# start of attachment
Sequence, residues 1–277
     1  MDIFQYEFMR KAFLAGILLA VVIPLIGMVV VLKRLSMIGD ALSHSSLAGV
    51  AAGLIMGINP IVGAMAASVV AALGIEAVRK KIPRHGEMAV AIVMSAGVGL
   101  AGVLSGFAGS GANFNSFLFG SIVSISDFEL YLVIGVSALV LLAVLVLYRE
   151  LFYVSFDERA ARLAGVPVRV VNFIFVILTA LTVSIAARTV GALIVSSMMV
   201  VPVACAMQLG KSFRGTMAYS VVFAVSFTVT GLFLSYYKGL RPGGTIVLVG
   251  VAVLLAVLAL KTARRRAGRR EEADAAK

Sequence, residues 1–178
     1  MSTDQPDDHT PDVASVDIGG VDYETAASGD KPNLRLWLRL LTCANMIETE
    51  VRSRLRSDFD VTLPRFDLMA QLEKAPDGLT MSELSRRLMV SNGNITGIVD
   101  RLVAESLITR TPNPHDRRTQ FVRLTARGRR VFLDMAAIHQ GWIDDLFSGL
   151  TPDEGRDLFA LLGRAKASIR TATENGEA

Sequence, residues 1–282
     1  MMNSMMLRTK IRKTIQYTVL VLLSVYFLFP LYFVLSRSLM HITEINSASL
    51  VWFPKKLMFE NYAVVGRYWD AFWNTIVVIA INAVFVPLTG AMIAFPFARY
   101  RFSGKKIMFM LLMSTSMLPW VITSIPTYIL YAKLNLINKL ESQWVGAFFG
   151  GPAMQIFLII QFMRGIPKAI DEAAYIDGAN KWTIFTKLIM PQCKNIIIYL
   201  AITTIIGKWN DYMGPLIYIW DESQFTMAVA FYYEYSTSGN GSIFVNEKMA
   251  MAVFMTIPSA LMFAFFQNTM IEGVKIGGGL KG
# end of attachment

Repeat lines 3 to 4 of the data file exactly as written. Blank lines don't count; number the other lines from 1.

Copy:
    51  AAGLIMGINP IVGAMAASVV AALGIEAVRK KIPRHGEMAV AIVMSAGVGL
   101  AGVLSGFAGS GANFNSFLFG SIVSISDFEL YLVIGVSALV LLAVLVLYRE